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Reviewing Electrical Drawings and Specifications
Chapter Two

Reviewing Electrical Drawings and Specifications

Today, many electrical contractors find themselves in a constant state of catch up. This can be overwhelming. During the bid process, it’s easy to rush and not fully review a complete set of construction drawings and specifications and only look through the electrical drawings and specifications. This results in a lack of proper understanding of the full electrical scope on the project and can be a costly mistake.

Can I Get By Only Reviewing the Electrical Drawing and Division 26 Electrical Specifications?

You can no longer rely on the design team to ensure all the information required to meet the eventual contract requirements have been placed in the Division 26 electrical drawing package. You should review the full set of construction drawings and pay close attention to the architectural, mechanical, communications and life safety to identify responsibilities that might overlap with other trades but fall on the electrical contractor’s list of responsibility. Generally, you’ll find a contractor responsibility schedule in the Division 1 specifications. You’ll also need to fully understand the building’s structural details that might not be depicted on the electrical drawings. This includes things like working height and unusual elevations that might affect your costs.

Do you need lifts to perform work in a certain area, increasing cost for the equipment rental and don’t forget about the increase in labor difficulty? 

These are common examples, often not found in the electrical drawings. However, the responsibility will lay with you to locate these activities and ensure that you’ve accounted for them. If you’re unsure, submit a request for information (RFI) to get clarification. This is a formal document that is submitted to the general contractor who tracks and forwards to the owner for clarification and then redistributes to all project bidders to ensure everyone is bidding the project apples to apples. Make sure you submit your RFIs by any predetermined deadlines and read through the entire list of questions and answers as they relate to electrical and trades that might affect your scope of work.

When Reviewing the General Conditions, Confirm the Following Details:

  • Review the responsibility schedule and confirm, is there any overlay with other divisions that fall under the electrical contractor's scope?
  • Are there any alternates?
  • What are the project tax requirements?
  • Should allowances be included in the bid price?
  • Are there special insurance requirements?
  • What are the retainage requirements?
  • Who furnishes and pays for temporary power?
  • Does the project require bid, payment or performance bonds?
  • What's the construction schedule and can you meet it?
  • Is there owner furnished equipment that you'll be responsible for installing?
  • What are the procedures for submitting change orders?
  • What's required to close out the project, i.e. as-builts, warranties, commissioning?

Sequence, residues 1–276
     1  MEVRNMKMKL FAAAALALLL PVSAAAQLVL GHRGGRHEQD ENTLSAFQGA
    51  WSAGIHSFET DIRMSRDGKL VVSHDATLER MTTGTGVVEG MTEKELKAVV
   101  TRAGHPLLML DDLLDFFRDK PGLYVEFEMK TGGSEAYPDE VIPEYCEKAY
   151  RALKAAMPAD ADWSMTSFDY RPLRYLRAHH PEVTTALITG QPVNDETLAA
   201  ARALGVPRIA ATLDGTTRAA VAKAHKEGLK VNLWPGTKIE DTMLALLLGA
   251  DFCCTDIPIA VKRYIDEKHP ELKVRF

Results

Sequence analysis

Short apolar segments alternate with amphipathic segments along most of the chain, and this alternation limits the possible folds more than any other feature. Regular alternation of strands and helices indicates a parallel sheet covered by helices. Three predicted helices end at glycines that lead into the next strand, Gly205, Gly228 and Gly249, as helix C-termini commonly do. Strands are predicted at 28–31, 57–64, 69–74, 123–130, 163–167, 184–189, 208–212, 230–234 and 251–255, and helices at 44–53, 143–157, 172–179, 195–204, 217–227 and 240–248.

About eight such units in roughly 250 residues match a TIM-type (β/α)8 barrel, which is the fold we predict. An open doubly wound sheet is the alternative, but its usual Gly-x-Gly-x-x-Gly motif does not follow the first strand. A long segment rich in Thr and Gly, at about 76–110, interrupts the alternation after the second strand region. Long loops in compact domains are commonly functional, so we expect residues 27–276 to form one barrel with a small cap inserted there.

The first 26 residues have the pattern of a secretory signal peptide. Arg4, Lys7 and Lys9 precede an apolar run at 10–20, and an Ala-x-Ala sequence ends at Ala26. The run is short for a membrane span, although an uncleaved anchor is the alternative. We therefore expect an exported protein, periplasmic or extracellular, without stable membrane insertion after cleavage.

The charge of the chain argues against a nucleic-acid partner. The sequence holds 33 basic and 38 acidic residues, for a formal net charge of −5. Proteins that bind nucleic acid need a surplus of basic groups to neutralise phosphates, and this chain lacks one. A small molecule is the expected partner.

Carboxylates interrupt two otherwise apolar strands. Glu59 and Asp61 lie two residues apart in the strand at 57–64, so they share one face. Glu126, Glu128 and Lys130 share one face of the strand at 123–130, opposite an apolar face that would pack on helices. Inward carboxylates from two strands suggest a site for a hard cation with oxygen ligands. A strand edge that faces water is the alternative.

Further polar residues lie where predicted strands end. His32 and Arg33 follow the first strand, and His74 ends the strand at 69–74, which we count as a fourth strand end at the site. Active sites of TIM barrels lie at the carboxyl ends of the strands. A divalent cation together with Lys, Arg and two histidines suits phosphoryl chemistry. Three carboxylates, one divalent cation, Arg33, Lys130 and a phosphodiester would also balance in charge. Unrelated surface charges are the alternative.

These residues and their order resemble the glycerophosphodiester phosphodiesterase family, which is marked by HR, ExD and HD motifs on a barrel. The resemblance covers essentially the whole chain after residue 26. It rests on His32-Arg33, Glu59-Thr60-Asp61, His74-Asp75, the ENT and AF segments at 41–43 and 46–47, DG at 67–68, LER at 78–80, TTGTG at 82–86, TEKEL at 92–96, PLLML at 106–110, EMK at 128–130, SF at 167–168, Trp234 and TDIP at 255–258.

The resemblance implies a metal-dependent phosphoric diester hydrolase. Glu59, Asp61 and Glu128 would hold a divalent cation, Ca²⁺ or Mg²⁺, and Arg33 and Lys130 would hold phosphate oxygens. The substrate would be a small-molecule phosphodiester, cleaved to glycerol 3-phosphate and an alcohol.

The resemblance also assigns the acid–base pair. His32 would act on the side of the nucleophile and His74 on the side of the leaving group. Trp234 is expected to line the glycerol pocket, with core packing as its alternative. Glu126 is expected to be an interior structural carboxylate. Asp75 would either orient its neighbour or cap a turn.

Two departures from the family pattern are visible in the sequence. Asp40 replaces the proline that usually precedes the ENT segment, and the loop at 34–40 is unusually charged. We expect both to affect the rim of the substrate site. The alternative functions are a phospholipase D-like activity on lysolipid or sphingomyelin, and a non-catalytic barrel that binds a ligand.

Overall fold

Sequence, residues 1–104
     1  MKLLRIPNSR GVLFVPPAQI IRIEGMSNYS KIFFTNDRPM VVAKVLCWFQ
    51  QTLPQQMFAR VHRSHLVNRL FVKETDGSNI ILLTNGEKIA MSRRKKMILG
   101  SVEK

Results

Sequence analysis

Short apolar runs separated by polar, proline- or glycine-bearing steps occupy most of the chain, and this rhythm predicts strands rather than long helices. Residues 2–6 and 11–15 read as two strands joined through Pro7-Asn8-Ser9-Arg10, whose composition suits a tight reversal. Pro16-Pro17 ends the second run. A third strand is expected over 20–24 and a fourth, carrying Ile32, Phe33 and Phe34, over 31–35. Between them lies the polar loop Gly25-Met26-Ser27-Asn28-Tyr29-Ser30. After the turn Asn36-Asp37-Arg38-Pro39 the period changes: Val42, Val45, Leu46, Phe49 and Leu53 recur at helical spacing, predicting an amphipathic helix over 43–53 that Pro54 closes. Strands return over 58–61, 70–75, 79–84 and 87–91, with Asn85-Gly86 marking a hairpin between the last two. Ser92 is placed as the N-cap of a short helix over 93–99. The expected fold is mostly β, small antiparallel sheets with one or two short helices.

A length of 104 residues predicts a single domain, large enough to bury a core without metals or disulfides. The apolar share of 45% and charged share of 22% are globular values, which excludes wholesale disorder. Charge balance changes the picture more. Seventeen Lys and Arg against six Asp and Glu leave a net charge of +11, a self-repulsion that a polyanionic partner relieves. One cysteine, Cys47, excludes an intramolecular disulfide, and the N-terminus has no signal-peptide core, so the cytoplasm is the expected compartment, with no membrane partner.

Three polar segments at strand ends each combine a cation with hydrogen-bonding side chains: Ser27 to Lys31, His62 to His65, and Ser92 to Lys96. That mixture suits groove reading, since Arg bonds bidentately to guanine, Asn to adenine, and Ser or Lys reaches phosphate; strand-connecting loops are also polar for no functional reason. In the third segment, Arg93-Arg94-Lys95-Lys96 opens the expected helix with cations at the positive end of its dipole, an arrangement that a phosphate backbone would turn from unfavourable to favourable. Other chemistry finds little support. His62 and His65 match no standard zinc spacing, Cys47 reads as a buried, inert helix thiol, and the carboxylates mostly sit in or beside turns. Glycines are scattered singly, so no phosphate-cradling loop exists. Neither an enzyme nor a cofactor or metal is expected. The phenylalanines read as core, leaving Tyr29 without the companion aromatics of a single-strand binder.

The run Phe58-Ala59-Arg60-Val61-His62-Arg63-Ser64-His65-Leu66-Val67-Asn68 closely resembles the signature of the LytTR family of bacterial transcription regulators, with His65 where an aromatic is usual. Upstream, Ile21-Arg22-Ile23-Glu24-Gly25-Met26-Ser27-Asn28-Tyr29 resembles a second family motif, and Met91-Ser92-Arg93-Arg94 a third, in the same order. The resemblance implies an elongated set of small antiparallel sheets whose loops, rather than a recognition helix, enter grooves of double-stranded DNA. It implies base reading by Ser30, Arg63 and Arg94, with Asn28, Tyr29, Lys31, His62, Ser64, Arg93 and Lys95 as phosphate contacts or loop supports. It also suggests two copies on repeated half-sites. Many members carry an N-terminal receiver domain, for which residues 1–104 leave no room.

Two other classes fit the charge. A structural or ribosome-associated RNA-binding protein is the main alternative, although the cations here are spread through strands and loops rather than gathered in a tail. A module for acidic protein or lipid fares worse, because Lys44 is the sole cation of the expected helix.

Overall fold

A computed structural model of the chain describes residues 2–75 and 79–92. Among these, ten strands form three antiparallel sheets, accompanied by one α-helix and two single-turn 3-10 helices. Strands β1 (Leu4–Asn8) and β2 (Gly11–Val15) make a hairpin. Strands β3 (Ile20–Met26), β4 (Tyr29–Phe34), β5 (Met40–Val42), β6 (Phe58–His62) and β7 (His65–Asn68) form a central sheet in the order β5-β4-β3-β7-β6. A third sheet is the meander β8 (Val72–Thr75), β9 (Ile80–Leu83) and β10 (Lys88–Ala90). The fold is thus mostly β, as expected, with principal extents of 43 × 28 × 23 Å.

When Reviewing the Division 26 Electrical Specifications, Confirm the Following Details:

  • What grade of materials should be used, and what specific electrical equipment requirements are there for lighting, power or distribution systems?
  • Are there specific electrical installation methologies to be followed when installing branch lighting power or distribution systems?
  • Determine responsibility of costs. Who's providing the fire alarm, communications cabling, and who provides excavation and backfill, pole bases, equipment pads, and patches and paints?
  • Remember, anything you're not clear on will require clarification via request for information(RFI). You need to qualify these in your inclusions/exclusions to avoid any confusion with your bid price.

When There is a Conflict Between the Drawings and Specifications

In many cases, you’ll find a conflict between the drawings and the specifications, some examples include an electrical diagram that calls for one grade of wire while the specifications call for another grade of wiring.

This is common and you’ll want to find a reference in the specification that clarifies what supersedes the other. Generally, drawings will supersede the specifications about quantity and location, while the specification will supersede the drawings on material type, performance, and quality. Generally, the owner will include a clause that states in the event of a conflict, use the option with the higher quantity and highest quality. This covers the owner but puts you in a position of over bidding the project. In this case, it’s best to submit a request for information (RFI) for clarification and always qualify your bid confirming what was included and excluded in your bid price to avoid any confusion.

When There is a Conflict Between the Drawings and Specifications

In the next chapter, we will talk about how to perform a Quantity Takeoff for Electrical

Continue to Chapter 3

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